French health watchdog calls for ban on sunbeds

The French health watchdog has urged the government to ban sunbeds and tanning parlours because of the ‘proven’ risk of skin cancer caused by exposure to artificial UV light. (AFP)
Updated 10 October 2018
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French health watchdog calls for ban on sunbeds

  • Of 10,722 cases of malignant melanoma — the deadliest form of skin cancer — reported among French adults over age 30 in 2015, 382 could be directly linked to the use of sunbeds and sunlamps
  • France already bans those aged 18 and under from using commercial tanning parlours, and has outlawed advertising for them

PARIS: The French health watchdog Wednesday urged the government to follow the example of Australia and Brazil by banning sunbeds and tanning parlours because of the “proven” risk of skin cancer caused by exposure to artificial UV light.
“We recommend banning all activities linked to artificial tanning, along with ultraviolet sunlamps sold for esthetic purposes,” Olivier Merckel, an expert at the Agency for Food, Environmental and Occupational Health and Safety (ANSES), told AFP.
Of 10,722 cases of malignant melanoma — the deadliest form of skin cancer — reported among French adults over age 30 in 2015, 382 could be directly linked to the use of sunbeds and sunlamps, ANSES estimated recently.
Skin specialists, the French academy of medicine, and some politicians have already spoken out in favor of a ban, but the French government so far has only tightened regulations.
France already bans those aged 18 and under from using commercial tanning parlours, and has outlawed advertising for them.
A total ban is now needed, Merckel said.
“Scientific data is growing, there isn’t any doubt any more. We have solid proof. The risk of cancer is proven, we have figures on the risk to young people, to everyone, so now we’re calling for action from the authorities,” he added.
People under 35 who resort at least once to artificial tanning increase the likelihood of developing skin melanoma by 59 percent, according to ANSES.
Commercial tanning activity in France has already been halved since 2009, according to the National union of tanning professionals which represents some 300 specialized salons and 4,500 beauty parlours offering tanning in the country.
Some 10,000 jobs will go if the government were to follow ANSES’ “inept recommendations,” it said Wednesday in a statement.
French health and safety inspectors have criticized tanning salons for breaching standards, saying UV emissions on some sunbeds were not regularly checked, while others are operated by untrained staff.
In 2016, 63 percent of the 982 tanning cabins checked by consumer protection authority the DGCCRF were in breach of standards.
There is a “proven” link between artificial sunlight and human cancer, the International Agency for Research on Cancer, a body of the World Health Organization, warned as early as 2009.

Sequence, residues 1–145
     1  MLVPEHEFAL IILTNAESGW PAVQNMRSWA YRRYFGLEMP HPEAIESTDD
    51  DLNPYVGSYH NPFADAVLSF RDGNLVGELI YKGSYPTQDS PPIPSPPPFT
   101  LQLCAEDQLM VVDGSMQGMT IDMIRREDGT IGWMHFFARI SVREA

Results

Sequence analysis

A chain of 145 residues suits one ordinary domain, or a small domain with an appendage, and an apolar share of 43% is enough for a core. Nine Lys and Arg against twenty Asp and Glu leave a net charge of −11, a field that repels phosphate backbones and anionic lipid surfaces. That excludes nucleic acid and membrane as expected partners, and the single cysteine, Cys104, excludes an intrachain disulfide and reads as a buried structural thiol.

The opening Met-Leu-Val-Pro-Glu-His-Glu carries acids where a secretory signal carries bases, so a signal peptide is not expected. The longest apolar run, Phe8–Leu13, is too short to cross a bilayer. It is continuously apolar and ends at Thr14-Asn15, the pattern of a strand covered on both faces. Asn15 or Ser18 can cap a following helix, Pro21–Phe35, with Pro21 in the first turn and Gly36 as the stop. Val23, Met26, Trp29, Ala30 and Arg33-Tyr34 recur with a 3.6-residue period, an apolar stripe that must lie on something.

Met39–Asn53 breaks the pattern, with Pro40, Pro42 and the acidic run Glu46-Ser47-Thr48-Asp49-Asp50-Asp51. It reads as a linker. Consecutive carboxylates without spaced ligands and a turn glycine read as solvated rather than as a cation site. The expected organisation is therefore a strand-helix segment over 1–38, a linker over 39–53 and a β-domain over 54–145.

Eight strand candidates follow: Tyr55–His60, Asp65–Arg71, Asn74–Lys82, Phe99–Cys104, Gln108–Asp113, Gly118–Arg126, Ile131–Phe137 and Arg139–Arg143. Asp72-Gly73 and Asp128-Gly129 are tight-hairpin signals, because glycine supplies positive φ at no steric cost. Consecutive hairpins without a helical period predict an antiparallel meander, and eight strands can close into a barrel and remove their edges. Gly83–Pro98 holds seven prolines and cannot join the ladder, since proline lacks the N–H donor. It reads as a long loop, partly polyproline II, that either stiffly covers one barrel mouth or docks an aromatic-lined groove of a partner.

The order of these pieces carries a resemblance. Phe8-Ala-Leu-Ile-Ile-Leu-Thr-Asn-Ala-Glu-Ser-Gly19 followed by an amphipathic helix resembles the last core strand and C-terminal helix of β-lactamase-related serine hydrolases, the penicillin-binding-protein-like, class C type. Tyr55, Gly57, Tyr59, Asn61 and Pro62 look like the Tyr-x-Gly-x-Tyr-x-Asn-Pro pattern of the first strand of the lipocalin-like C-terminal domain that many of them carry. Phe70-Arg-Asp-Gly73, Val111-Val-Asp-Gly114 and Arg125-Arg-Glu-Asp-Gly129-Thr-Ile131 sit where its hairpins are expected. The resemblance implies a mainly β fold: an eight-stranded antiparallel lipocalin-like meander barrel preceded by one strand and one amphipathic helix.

Brazil became the first country in the world to ban indoor tanning beds in the same year, followed by Australia as of 2015.
Australia has the highest rate of melanoma in the world with 11,000 cases per year.
The US Food and Drug Administration has so far just insisted that marketing material for sunlamps must carry health warnings.


Japan’s ‘Uncle Olympics’ fan dies just short of 2020 Games

Naotoshi Yamada, above, was planning to attend the Summer Olympic Games in Tokyo in 2020. (Reuters/File)
Updated 18 March 2019
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Japan’s ‘Uncle Olympics’ fan dies just short of 2020 Games

  • The man attended all summer games since 1964
  • He often wore a golden hat when he attended the games

TOKYO: A Japanese Olympic mega-fan who attended every summer games since Tokyo in 1964 has died, just over a year before his home city was to host its second Olympics.
Tokyo businessman Naotoshi Yamada, 92, who died on March 9 from heart failure, was a national celebrity in his own right with his repeated, gleeful appearances in Olympic stands.
“Uncle Olympics,” as he came to be known, was an omnipresent fixture for Japanese TV watchers cheering on the Japan team at the “Greatest Show On Earth.”
Often sporting a gold top hat, kimono, and a beaming smile, Yamada also became a darling of the international media.
“After 92 years of his life spent cheering, Naotoshi Yamada, international Olympic cheerleader, was called to eternal rest on March 9, 2019,” said his web site, managed by a firm he founded.
Born in 1926, Yamada built a successful wire rope manufacturing business, and also expanded his portfolio to include the hotel and real estate sectors.
But away from work, his passion was for sport, particularly the Olympics.
He did not miss a summer games since 1964, taking in Mexico City, Munich, Montreal, Moscow, Los Angeles, Seoul, Barcelona, Atlanta, Sydney, Athens, Beijing, London and Rio de Janeiro.
For good measure, he also attended the winter games when it rolled into Nagano in 1998, and told local media of his strong desire to attend the 2020 Tokyo Games.
Yamada saw the first Tokyo Olympics when he was 38.
But his passion was truly ignited during the 1968 Mexico City Games, according to his website.
He donned a kimono and a sombrero hat and loudly cheered for a Mexican 5000-meter runner, mistaking him for a Japanese athlete.
Local spectators embraced the scene and loudly cheered for Japanese athletes in return, leading to an electrifying show of support that went beyond nationality, his website said.
“He saw the awesome power of cheering, and was mesmerised by it ever since,” it said.